When the “folding” process of a two-dimensional image is repeated, and the folded one-dimensional lines are rebuilt one by one, it constructs a two-dimensional plane. Of course, the whole built-up mass is a massive three-dimensional rectangular object. On one side of the object, various images are revealed. The one-dimensional folded lines are built-up to form a mysterious image. When a two-dimensional image is enfolded into a one-dimensional line, then unfolded externally, it forms a new image. However, this new image has already been embedded as a part of the original image. An image only unfolds into a myriad of diverse images only after it disappears into a single folded line. At this point, it is meaningless to decipher which is the original image. All images are multiple representations of a single being. Just as a color is a ball and a ball is color.
Depending on how and where it is folded, and in what order it is built-up, the images created on the two-dimensional plane vary widely. Sometimes, it recreates a representation of the original image. This is how his work THIN: Mona Lisa has been created. Though it is very unlikely for the original image to be reproduced as is, it is not entirely impossible. Just as the universe being shaped as is after the Big Bang is almost probabilistically impossible, but not completely a probability of zero.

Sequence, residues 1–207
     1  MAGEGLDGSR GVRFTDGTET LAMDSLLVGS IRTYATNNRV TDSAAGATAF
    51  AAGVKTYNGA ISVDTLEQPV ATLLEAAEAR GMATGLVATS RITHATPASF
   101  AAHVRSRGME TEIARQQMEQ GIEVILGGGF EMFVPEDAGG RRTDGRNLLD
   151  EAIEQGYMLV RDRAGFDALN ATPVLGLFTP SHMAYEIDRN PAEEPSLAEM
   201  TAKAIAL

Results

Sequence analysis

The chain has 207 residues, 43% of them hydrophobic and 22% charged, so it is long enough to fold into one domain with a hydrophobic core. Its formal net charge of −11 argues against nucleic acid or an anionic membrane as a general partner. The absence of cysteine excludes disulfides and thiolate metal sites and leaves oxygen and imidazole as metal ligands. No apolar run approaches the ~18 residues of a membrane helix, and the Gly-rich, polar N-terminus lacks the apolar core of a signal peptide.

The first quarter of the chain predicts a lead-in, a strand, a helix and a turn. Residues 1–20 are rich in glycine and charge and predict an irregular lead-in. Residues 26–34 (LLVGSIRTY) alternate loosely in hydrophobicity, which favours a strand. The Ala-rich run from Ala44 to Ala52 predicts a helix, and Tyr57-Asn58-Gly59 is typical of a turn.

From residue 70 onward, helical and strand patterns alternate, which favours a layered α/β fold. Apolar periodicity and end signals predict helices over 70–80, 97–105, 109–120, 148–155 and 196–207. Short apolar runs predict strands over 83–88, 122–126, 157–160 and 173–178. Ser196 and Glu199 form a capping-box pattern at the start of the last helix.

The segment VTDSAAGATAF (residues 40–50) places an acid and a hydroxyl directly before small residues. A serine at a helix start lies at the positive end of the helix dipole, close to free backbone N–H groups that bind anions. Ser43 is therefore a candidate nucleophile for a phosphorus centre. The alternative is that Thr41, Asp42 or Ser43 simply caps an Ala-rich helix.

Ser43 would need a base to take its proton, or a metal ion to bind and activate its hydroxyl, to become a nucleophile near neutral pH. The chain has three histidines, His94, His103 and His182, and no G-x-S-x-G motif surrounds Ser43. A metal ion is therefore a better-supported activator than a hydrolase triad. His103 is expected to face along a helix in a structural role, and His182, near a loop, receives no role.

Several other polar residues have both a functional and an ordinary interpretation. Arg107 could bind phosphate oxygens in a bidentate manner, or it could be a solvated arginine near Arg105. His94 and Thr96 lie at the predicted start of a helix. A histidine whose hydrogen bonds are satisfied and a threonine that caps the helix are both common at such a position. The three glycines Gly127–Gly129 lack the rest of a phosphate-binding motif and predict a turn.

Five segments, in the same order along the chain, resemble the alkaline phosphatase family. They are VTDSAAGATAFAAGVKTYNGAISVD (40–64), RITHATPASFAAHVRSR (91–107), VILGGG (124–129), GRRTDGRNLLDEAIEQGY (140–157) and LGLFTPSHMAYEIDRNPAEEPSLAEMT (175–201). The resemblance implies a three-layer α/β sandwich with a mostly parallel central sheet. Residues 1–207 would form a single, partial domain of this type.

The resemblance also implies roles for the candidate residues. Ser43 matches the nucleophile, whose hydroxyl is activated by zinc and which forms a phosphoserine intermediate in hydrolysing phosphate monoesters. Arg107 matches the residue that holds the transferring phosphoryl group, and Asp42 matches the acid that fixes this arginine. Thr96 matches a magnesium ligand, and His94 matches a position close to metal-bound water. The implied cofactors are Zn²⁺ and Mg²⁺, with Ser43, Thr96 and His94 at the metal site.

In terms of Artist Jeon Byeong Sam’s entire life and work, Moment – Mona Lisa is a very important work that implicates his turning-point in life and his entire life and work. Likewise, it is distinguished from his subsequent works in that the entire two-dimensional image has been folded and stacked. It is indeed a remarkable work that quietly implicates dramatic twists; the whole image being folded inwards and revealing the original image on one side as the image is unfolded again into a large three-dimensional form.
Taking a step further, the artist has experimentally proved that there are various methods in stacking them into a three-dimensional structure. In fact, he has built two structures of Mona Lisa, each through a different method. When looking at the two works, it seems as if the artist’s voice is shouting “Look! This is how it should be.” Based on this proof, the artist unfolds the single side of the images stacked in various piles along the axis of time. The various images unfold along the axis of time into a video. This is what the Lost series represents. His attitude of first proposing evidence through real-life experiments, then carrying out follow-up processes demonstrates an attitude that resembles a strict scientist. His studio, which I’ve recently visited for the first time, revealed indications of various “experiments”, leaving me with an impactful impression.